Chorley’s Conservative Party is set to share power with the Liberal Democrats in a bid to regain control of the town hall.
The Tories were bruised in the local elections, with Labour winning nine of the 15 seats up for grabs on the night.
The result left the council in turmoil as no single party had a large enough majority to take overall control.
Now, in a move that mirrors the national picture, the Conservative and Liberal Democrats are to come together to run Chorley Council.
Conservative Leader Coun Peter Goldsworthy will keep his top position, while retiring Mayor and Lib Dem leader Coun Ken Ball will become the new deputy leader.
An official decision is expected to be made at a full council meeting tomorrow.
Coun Goldsworthy said: “We’re hoping to get the Liberal Democrats’ support, and want to form an informal coalition, like a loose agreement.
“The Liberal Democrats have worked in a coalition in the past, with the Labour group, so they can help us to understand how we can work together.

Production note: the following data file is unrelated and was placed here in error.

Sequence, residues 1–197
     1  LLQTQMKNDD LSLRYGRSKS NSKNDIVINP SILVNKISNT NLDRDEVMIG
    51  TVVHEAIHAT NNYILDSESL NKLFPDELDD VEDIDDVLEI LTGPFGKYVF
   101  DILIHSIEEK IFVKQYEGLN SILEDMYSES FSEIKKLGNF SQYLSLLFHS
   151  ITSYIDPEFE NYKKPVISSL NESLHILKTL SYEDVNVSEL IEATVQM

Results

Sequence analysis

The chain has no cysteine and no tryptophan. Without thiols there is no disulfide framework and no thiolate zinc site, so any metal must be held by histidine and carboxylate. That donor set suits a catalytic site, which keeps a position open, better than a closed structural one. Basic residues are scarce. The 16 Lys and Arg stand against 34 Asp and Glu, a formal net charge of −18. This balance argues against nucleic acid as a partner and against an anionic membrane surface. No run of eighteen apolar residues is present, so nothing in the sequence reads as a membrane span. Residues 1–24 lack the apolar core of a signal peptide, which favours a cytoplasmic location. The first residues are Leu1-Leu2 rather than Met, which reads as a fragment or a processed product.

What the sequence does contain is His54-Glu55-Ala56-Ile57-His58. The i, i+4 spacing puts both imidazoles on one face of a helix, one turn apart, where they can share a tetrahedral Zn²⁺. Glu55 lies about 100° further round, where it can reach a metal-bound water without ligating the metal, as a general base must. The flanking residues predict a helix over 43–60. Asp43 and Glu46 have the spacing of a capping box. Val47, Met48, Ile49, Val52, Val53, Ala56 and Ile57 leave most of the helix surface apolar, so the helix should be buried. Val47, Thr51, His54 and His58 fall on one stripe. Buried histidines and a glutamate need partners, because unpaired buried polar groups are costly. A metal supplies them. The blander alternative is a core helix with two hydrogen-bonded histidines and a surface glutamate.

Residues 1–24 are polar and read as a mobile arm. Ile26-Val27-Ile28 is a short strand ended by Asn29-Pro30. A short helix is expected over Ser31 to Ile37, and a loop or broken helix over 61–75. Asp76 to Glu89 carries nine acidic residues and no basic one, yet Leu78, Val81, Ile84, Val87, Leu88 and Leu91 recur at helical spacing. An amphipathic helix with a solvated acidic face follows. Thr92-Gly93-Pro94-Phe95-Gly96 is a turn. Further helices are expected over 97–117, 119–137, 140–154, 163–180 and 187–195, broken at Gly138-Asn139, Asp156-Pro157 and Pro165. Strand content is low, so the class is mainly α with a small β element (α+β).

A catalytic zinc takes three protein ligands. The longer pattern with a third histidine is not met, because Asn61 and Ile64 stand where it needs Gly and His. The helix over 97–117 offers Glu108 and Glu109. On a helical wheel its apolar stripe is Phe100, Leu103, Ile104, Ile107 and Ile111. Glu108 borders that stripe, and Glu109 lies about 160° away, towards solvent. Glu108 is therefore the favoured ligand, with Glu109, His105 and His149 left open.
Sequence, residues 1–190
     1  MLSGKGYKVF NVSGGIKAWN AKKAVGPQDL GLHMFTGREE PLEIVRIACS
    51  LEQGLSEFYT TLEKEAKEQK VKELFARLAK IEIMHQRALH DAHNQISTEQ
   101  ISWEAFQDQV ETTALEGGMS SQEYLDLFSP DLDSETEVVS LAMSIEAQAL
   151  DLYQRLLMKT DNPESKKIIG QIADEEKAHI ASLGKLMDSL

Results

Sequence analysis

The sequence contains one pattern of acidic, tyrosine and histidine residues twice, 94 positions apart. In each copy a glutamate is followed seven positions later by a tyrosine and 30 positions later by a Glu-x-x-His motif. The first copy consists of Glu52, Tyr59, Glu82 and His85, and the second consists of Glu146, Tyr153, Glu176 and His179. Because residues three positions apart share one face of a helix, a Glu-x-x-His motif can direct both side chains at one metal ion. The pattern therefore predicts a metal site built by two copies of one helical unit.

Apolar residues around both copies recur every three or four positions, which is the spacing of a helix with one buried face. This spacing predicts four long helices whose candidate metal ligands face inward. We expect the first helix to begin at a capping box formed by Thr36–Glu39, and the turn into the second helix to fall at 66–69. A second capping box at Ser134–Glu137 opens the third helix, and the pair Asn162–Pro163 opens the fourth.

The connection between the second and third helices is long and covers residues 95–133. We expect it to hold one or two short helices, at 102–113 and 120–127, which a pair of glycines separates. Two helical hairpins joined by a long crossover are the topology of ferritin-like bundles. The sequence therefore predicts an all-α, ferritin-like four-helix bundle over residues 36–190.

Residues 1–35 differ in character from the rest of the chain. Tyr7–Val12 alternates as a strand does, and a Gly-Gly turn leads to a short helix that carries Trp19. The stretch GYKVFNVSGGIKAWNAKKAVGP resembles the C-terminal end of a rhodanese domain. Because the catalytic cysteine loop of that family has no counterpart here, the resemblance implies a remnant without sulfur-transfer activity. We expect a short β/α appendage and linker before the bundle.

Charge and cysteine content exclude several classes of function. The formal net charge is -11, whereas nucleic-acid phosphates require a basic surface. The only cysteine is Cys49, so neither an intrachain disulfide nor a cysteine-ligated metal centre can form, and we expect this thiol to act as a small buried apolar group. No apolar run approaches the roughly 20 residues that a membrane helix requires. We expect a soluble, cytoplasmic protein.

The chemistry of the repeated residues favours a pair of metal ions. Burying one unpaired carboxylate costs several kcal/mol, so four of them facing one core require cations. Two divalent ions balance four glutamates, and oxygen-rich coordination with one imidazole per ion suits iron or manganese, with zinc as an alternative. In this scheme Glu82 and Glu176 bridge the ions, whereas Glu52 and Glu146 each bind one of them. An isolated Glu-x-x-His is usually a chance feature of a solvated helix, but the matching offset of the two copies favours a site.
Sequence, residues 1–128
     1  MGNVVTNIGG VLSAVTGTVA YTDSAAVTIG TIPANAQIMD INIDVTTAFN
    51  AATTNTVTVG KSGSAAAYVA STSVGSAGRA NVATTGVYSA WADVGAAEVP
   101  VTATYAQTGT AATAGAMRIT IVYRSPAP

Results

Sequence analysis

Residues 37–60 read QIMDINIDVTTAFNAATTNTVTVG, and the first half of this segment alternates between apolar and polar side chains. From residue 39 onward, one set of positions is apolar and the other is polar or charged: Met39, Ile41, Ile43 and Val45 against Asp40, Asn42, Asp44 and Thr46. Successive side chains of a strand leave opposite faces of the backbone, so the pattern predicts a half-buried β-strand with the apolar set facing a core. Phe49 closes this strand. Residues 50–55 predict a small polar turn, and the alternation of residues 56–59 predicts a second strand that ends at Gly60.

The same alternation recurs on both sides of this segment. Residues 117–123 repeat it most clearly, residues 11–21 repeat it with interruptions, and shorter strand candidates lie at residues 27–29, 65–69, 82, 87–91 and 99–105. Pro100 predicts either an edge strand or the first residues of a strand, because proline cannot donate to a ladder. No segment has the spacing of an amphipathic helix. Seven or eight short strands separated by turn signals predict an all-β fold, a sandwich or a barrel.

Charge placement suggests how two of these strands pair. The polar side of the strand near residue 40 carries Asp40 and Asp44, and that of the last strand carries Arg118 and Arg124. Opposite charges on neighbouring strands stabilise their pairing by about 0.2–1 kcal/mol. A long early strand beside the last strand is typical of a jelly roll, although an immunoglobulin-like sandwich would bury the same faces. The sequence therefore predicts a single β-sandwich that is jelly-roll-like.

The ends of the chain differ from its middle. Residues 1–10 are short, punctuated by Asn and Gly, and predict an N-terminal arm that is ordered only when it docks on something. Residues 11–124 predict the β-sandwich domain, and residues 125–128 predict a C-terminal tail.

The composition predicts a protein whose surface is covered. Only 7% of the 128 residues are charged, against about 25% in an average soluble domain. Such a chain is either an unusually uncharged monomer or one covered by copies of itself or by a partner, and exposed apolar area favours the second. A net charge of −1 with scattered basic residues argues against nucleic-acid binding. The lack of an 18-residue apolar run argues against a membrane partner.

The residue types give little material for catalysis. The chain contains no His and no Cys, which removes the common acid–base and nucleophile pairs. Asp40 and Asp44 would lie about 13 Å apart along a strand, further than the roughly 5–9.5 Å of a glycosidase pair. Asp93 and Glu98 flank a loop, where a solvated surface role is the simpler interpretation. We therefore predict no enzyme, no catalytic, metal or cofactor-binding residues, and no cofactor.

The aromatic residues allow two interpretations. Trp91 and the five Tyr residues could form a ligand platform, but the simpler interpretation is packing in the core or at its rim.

“They also have similar views to us, and can bring a lot to the table.”
Labour holds 20 seats on the council, after winning four previously held by the Tories and one from the Lib Dems. The Conservaties have 23, the Lib Dems two, and there are two independents
Coun Goldsworthy, who represents Euxton South, added: “The fact is that the people of Chorley voted for the Conservatives to be the biggest single party at the council, and we intend to form this agreement to keep Labour out.”
Coun Ball and fellow Liberal Democrat Stella Walsh, who both represent Coppull, have defended their decision to support the Conservatives.
Coun Ball said: “The electorate decided on a hung council, and we’re trying to make the best out of that.
“At the moment, I just don’t think Labour are capable of the running it.”
As part of the arrangement, Coun Walsh will also get a cabinet position and become the chair of licensing.
He said: “I see this as being a partnership between myself and Peter Goldsworthy, and we will work with each other directly on everything concerning the council.
“The Liberal Democrats want to be involved in all of the decisions made at Chorley Council, or else it will all go out of the window.”
However, opposition leader Alistair Bradley said that the Labour group had yet to be officially told of the plans.
He said:“It’s apparent that Labour got a large number of votes, and that the electorate voted against the current administration. The people of Chorley didn’t vote for a coalition, and it seems that the Conservatives and Lib Dems have stitched up a deal which doesn’t balance out.”